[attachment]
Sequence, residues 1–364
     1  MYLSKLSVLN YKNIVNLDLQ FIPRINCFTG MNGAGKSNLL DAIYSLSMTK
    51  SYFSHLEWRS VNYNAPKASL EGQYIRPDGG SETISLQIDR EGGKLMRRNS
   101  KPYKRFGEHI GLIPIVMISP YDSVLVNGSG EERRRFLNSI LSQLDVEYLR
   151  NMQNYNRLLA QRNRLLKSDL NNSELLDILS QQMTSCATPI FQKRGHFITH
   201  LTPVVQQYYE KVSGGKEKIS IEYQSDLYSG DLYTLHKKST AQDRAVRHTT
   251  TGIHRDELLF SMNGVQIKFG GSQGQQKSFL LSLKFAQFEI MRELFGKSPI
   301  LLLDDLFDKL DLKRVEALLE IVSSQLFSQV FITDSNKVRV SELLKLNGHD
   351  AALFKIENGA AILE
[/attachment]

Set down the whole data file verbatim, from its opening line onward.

Sequence, residues 1–364
     1  MYLSKLSVLN YKNIVNLDLQ FIPRINCFTG MNGAGKSNLL DAIYSLSMTK
    51  SYFSHLEWRS VNYNAPKASL EGQYIRPDGG SETISLQIDR EGGKLMRRNS
   101  KPYKRFGEHI GLIPIVMISP YDSVLVNGSG EERRRFLNSI LSQLDVEYLR
   151  NMQNYNRLLA QRNRLLKSDL NNSELLDILS QQMTSCATPI FQKRGHFITH
   201  LTPVVQQYYE KVSGGKEKIS IEYQSDLYSG DLYTLHKKST AQDRAVRHTT
   251  TGIHRDELLF SMNGVQIKFG GSQGQQKSFL LSLKFAQFEI MRELFGKSPI
   301  LLLDDLFDKL DLKRVEALLE IVSSQLFSQV FITDSNKVRV SELLKLNGHD
   351  AALFKIENGA AILE